#DEFINE VER_PRODUCTVERSION       1,0,0,0
#DEFINE VER_PRODUCTVERSION_STR   "1.0"

VS_VERSION_INFO        VERSIONINFO
FILEVERSION            VER_FILEVERSION
PRODUCTVERSION         VER_PRODUCTVERSION
FILEOS                 VOS_NT_WINDOWS32
FILETYPE               VFT_APP
FILESUBTYPE            VFT2_UNKNOWN
BEGIN
     BLOCK "StringFileInfo"
     BEGIN
         BLOCK "040904E4"
         BEGIN
             VALUE "CompanyName"          "Testing Times"
             VALUE "FileDescription"      "Testing My Version Info"
             VALUE "LegalCopyright"       "Copyright 2009 (c) PJ. All rights reserved."
             VALUE "ProductName"          "Test Ahoy!!"
             VALUE "ProductVersion"       VER_PRODUCTVERSION_STR
             VALUE "FileVersion"          VER_FILEVERSION_STR
         END
     END
END

We can also define custom parameters in the StringFileInfo block, such asĀ  support information, contact information etc.

The msdn article on VERSIONINFO is quiet detailed, so I am just going to point to it for further reference.

VERSIONINFO – Click here to goto to MSDN.

I took up a project to create a simple Stopwatch. The aim of the project was to keep a track of the time I spend on various projects. I wanted a very simple application which was able to Start Pause and Stop a Stopwatch.

The best approach that I thought up was through a System Tray application. This would give me easy access to the controls and display, without interfering with my open windows. As I am trying to have a go at C++ and win32, I decided to implement it using Visual C++ 2008 express edition and win32 API.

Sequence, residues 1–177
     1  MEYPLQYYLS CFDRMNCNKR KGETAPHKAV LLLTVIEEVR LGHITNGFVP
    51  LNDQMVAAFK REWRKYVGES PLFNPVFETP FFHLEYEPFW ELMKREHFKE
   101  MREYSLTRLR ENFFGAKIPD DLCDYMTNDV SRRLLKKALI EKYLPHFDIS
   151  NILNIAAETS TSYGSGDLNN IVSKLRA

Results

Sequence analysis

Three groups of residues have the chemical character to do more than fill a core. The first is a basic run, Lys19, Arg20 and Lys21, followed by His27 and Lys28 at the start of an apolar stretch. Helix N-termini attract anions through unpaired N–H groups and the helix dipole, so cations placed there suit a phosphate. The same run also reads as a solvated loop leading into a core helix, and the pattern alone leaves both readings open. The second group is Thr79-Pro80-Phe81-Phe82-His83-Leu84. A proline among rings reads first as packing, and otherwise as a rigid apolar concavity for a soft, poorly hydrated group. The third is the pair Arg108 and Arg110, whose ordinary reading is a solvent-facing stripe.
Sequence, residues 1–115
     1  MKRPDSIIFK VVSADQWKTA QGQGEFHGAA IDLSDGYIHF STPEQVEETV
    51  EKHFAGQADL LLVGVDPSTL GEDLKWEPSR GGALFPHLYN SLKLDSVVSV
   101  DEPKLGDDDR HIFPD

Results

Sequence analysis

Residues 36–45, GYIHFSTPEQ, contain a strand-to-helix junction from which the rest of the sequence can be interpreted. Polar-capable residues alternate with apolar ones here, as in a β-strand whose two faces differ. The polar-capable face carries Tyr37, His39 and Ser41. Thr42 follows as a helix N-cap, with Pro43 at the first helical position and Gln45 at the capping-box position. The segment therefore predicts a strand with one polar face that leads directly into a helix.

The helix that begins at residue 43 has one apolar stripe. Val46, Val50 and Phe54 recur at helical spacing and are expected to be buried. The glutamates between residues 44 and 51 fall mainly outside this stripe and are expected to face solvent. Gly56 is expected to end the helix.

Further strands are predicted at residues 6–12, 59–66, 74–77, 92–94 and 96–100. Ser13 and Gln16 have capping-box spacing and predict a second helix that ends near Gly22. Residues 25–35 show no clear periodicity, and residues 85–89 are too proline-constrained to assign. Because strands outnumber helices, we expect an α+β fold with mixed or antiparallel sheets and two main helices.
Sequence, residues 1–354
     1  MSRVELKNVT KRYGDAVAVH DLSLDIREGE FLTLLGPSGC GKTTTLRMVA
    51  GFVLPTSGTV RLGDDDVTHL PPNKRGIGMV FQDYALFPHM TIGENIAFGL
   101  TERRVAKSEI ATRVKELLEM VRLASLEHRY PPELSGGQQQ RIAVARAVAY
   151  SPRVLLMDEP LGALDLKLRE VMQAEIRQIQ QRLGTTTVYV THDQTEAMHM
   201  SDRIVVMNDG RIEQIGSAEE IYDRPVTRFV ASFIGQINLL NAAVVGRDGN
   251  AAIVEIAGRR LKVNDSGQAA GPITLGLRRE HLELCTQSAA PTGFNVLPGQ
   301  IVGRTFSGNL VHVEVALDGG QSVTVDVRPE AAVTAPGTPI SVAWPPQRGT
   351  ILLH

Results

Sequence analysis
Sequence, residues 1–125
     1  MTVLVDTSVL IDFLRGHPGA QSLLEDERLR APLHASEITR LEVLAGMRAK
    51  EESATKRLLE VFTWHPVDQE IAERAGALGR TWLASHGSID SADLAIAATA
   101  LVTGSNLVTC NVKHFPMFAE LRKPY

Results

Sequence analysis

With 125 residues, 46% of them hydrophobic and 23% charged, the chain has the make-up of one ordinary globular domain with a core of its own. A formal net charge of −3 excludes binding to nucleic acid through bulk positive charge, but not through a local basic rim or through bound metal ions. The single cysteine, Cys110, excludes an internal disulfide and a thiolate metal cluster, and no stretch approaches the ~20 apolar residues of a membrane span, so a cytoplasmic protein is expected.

So without any further delay, here are the basic steps needed to create an icon in the system tray.

  1. Include the “shellapi.h” header file, and link to “shell32.lib” library (Visual C++ links to it by default.
  2. Define a custom message identifier for our icon. Whenever there is a mouse or keyboard event on our icon, windows will use this identifer to send messages to our message procedure.
  3. Create and initialize the NOTIFYICONDATA structure according to our needs.
  4. Invoke Shell_NotifyIcon() API, with a pointer to NOTIFYICONDATA, to create, modify or delete our icon.

To demonstrate the steps let us consider this example. For our application, we would like to have an icon in the system tray. It should display a message box whenever it is double clicked and ‘Tray Icon’ whenever the mouse hovers on top of it.

To begin with we need to include ‘shellapi.h’ in our application.

#include <shellapi.h>

The next step would be to define a custom message identifier. Whenever a mouse event occurs on our icon, Windows will send this custom message to our message procedure. The lParam variable will have the actual mouse or keyboard event and wParam will contain the iconid.

#define WM_MYMESSAGE (WM_USER + 1)

Now we should create a variable of type NOTIFYICONDATA and populate it as per our icon’s need. I will first show the example, before explaining the structure further.

NOTIFYICONDATA nid;

nid.cbSize = sizeof(NOTIFYICONDATA);
nid.hWnd = hWnd;
nid.uID = 100;
nid.uVersion = NOTIFYICON_VERSION;
nid.uCallbackMessage = WM_MYMESSAGE;
nid.hIcon = LoadIcon(NULL, IDI_APPLICATION);
wcscpy_s(nid.szTip, L"Tray Icon");
nid.uFlags = NIF_MESSAGE NIF_ICON NIF_TIP;

Shell_NotifyIcon(NIM_ADD, &nid);

cbSize : It indicates the size of our structure.

hWnd : It takes the handle to our window which will process the messages from our icon.

uID : This is a unique Id for our icon. Shell uses hWnd + uID to identify which icon to operate on when Shell_NotifyIcon() is invoked.

uVersion : It defines the behavior of our icon, i.e. whether it should behave like a windows 98 icon, a windows xp icon or windows Vista icon. Based on the value of this variable, certain other variables of the NOTIFYICONDATA become available to us. (refer to MSDN for more info).